“In communist regimes, poverty is equally distributed—except for those in power. ‘The Giver’ presents a clever twist on this totalitarian theme. In the fictional tale, every material need is met. We are in a world where all human misery has been eliminated. There is no rage, no war, no wealth and no poverty.
“But at a cost. There is also no music, no art, no literature no beauty. And no memory: Just to be safe, all memories are the possession of a lone individual. In this setting the human spirit is almost extinguished.” Raymond Flynn
I recently attended a screening of “The Giver” in advance of the movie’s Aug. 15 release. The Hollywood version of the still-popular 1993 novel by Lois Lowry is compelling in its own right as it depicts the bleak reality of a society that sacrifices human individuality in the utopian pursuit of “Sameness.” Watching the cast that includes Jeff Bridges, Meryl Streep and Katie Holmes in this powerful, dystopian story, I kept thinking of a real-life tale populated with actors on the world stage: communist Poland in the 1980s, when men such as Pope John Paul II and Lech Walesa changed history.
I was in Poland one day during that period, listening to the striking members of the Solidarity labor union at the Lenin shipyard in Gdansk. Story after story detailed the Polish people’s plight under the military rule instituted after the first glimmers of a bid for freedom. State control trumped individual human rights.
Yet the Poles knew that they had a champion: Pope John Paul II. The Solidarity labor leader, Lech Walesa, spoke to me movingly about the courage John Paul showed in standing up to this tyranny. The pope’s visit to Poland in 1979, and another in 1983, had given millions of Poles solace and inspiration.
Recently, I saw Mr. Walesa again. We assessed Poland’s political landscape, then and now, but the focus was mostly on the heady days of the past. Mr. Walesa extolled the Cold War leadership of Ronald Reagan and Margaret Thatcher, but he still holds a special place in his heart for John Paul.
Mr. Walesa, now a former president of Poland, reminded me that millions of Poles had been filled with hope from the first day of John Paul’s papacy, when Karol Wojtyla was installed at the Vatican and gave his first address in St. Peter’s Square, saying three times: “Be not afraid,” echoing the words of Jesus. Poles knew then that they were not alone as they kept their faith alive while living under a system that officially banned religion.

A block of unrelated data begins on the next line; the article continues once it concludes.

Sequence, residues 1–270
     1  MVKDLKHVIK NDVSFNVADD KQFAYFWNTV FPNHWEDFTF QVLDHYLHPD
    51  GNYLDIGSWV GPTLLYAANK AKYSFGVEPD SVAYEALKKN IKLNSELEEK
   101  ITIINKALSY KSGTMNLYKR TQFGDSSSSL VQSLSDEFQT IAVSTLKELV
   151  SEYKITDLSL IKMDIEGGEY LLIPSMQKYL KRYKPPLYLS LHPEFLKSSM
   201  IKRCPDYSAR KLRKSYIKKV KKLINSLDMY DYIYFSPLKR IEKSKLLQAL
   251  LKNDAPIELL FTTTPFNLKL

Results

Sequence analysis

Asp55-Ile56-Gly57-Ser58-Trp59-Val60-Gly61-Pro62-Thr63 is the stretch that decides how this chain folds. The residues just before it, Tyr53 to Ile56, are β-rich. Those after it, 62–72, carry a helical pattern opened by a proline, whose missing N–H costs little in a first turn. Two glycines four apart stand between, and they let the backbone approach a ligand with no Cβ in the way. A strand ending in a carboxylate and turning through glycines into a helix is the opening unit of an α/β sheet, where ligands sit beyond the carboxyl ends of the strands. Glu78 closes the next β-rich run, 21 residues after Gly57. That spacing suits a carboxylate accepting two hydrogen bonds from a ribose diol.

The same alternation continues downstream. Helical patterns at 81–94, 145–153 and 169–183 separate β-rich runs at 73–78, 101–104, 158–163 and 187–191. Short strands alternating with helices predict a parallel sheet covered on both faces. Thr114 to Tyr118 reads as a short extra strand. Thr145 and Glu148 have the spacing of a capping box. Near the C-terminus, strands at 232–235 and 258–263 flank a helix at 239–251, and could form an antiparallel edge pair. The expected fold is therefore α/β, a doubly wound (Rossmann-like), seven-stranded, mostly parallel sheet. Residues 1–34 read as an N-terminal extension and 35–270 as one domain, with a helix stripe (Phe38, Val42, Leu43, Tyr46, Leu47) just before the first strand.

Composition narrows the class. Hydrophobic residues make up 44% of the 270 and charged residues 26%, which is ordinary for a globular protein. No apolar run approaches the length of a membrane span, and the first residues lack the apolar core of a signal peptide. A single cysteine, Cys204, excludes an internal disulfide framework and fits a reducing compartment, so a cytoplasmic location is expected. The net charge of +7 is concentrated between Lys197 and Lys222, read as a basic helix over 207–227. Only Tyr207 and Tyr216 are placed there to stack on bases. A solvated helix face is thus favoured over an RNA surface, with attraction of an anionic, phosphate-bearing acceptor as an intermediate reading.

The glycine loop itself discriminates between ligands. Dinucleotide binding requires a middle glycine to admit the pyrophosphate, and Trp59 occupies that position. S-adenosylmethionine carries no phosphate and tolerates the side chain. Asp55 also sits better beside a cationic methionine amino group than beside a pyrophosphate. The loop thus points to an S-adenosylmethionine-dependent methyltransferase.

As the lights came up after the screening of “The Giver,” my thoughts were on Poland and communism, but soon they turned to the broader subject of totalitarian regimes robbing individuals of their God-given rights. So often, one of the first jobs of the totalitarian is to declare that God is dead and that government is the final authority on truth and justice—we see it now in North Korea. Such was the case when I visited Poland in the 1980s. Everyone in Poland worked for the state. The dignity of human life and the uniqueness of the individual were irrelevant. There was only Sameness.
In communist regimes, poverty is equally distributed—except for those in power. “The Giver” presents a clever twist on this totalitarian theme. In the fictional tale, every material need is met. We are in a world where all human misery has been eliminated. There is no rage, no war, no wealth and no poverty.
But at a cost. There is also no music, no art, no literature, no beauty. And no memory: Just to be safe, all memories are the possession of a lone individual. In this setting the human spirit is almost extinguished, and yet—well, you’ll have to see the movie. But I was reminded that the Poles, with their unconquerable religious faith, proved to be more powerful than a fearsome military power.
I saw the movie with John Sununu, the former New Hampshire governor and chief of staff for President George H.W. Bush. John too had been prompted to think of communist totalitarianism and the resilience of faith.
He recalled visiting Russia during the Cold War with a former high-ranking Soviet official, who suggested taking a short non-state-sponsored trip. They got into a car and soon the driver pulled up to an old, neglected-looking Russian Orthodox church. John’s host led him to the side door, took out a key and unlocked it. They went inside, and John was amazed to see that the church’s interior had retained its beauty and elegance.
The exterior had been allowed to fall into decline on purpose, his host explained, to avoid arousing government suspicion: Even though the state did not approve, he said, many of the congregants had never stopped quietly meeting there, to hold services and to pray.
Mr. Flynn is a former U.S. ambassador to the Vatican, mayor of Boston and the author of “John Paul II: A Personal Portrait of the Pope and the Man” (St. Martin’s , 2001).